Equity & Diversity

Data: Comparing Children of Immigrants in Eight Rich Countries

By Mary Ann Zehr — October 14, 2010 1 min read
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One- third of children in Australia have at least one immigrant parent, compared with 24 percent of children in the United States. In the United Kingdom the proportion is 16 percent while in Switzerland, it is 39 percent. Those are some facts that make for interesting reading in a special issue of Child Indicators Research that compares how children of immigrants are faring in eight affluent countries.

Donald J. Hernandez, a professor in the department of sociology at Hunter College, writes in an overview of the special issue that “not until 2009 did basic internationally comparable indicators become available to measure the number of children in immigrant families living in a range of affluent countries, and to assess their family and socioeconomic circumstances compared to children of native-born families.”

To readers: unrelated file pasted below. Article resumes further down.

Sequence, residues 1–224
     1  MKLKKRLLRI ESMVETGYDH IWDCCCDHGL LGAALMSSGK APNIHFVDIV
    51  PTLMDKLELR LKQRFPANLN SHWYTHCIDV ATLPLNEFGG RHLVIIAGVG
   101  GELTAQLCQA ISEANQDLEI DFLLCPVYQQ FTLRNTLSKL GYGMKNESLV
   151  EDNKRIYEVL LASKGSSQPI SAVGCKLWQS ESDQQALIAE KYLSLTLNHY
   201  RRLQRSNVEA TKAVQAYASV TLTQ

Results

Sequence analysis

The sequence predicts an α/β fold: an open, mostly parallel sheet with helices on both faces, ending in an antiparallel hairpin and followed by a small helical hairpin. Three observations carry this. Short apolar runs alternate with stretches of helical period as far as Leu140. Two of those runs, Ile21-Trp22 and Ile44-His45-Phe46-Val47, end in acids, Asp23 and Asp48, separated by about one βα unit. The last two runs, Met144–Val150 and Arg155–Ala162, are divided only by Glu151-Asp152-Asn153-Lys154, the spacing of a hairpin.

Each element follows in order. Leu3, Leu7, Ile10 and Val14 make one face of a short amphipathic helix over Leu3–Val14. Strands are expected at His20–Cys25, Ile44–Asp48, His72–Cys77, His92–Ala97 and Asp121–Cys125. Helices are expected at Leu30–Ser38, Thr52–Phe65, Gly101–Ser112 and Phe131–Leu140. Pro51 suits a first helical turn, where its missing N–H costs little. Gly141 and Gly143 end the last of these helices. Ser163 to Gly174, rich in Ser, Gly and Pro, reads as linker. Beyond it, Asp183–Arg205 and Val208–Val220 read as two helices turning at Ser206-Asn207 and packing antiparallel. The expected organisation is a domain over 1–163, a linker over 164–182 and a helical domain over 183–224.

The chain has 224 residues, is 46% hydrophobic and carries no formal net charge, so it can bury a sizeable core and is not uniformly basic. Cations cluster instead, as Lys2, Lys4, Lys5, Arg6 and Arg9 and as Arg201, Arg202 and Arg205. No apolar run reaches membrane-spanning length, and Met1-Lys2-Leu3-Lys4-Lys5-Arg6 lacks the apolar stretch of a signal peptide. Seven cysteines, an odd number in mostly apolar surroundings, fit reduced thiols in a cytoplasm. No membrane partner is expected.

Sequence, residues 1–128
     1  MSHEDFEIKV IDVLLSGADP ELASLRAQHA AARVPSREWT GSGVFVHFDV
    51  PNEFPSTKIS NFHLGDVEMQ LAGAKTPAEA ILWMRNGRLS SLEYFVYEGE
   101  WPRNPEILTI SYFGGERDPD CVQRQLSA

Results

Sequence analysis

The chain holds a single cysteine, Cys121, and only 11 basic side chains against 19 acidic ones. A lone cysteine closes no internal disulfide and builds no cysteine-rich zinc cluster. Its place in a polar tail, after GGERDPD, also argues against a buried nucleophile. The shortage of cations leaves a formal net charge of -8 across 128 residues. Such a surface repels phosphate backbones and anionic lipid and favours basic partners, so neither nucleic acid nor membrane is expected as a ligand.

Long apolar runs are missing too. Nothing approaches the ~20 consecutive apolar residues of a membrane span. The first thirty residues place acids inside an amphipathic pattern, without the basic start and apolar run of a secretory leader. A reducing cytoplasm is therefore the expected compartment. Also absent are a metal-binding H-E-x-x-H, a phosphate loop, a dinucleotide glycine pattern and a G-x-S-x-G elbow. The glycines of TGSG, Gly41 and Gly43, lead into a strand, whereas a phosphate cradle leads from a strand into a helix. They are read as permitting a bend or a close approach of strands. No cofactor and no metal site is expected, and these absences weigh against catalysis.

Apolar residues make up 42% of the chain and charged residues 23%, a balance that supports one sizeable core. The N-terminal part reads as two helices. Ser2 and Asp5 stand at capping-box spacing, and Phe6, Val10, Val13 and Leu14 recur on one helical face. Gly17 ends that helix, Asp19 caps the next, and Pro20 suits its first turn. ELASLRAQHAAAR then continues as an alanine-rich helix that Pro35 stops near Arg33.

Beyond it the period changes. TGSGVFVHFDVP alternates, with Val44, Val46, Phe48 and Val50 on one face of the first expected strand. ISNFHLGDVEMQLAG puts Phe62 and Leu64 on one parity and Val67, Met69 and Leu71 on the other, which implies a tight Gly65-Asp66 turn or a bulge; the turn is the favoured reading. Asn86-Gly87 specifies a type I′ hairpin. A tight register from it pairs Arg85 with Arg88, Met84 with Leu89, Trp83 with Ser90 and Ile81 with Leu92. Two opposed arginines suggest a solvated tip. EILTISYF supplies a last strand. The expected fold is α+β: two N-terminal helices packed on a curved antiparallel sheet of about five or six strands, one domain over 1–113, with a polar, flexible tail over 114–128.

Those new basic indicators are used in the special issue to compare children of immigrants in Australia, France, Germany, Italy, the Netherlands, Switzerland, the United Kingdom, and the United States.

So what do some of those “child indicators” tell us?

They show, the article following the overview says, that children with at least one immigrant parent from low- and middle-income countries are about as likely or more likely than children in native-born families to live with two parents. That’s the case with all the countries in the study except the Netherlands. The researchers say that fact is important because children living with two parents tend to be more successful in education than children in one-parent families, according to studies conducted in the United States and United Kingdom.

The indicators also show that in two affluent countries, Australia and the United Kingdom, immigrant teenagers ages 15-17 who came from low- and middle-income countries are more likely to be enrolled in school than their native-born counterparts in the settlement countries. In this example, native-born youths in the comparison include 2nd-generation youths who have at least one immigrant parent.

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A version of this news article first appeared in the Learning the Language blog.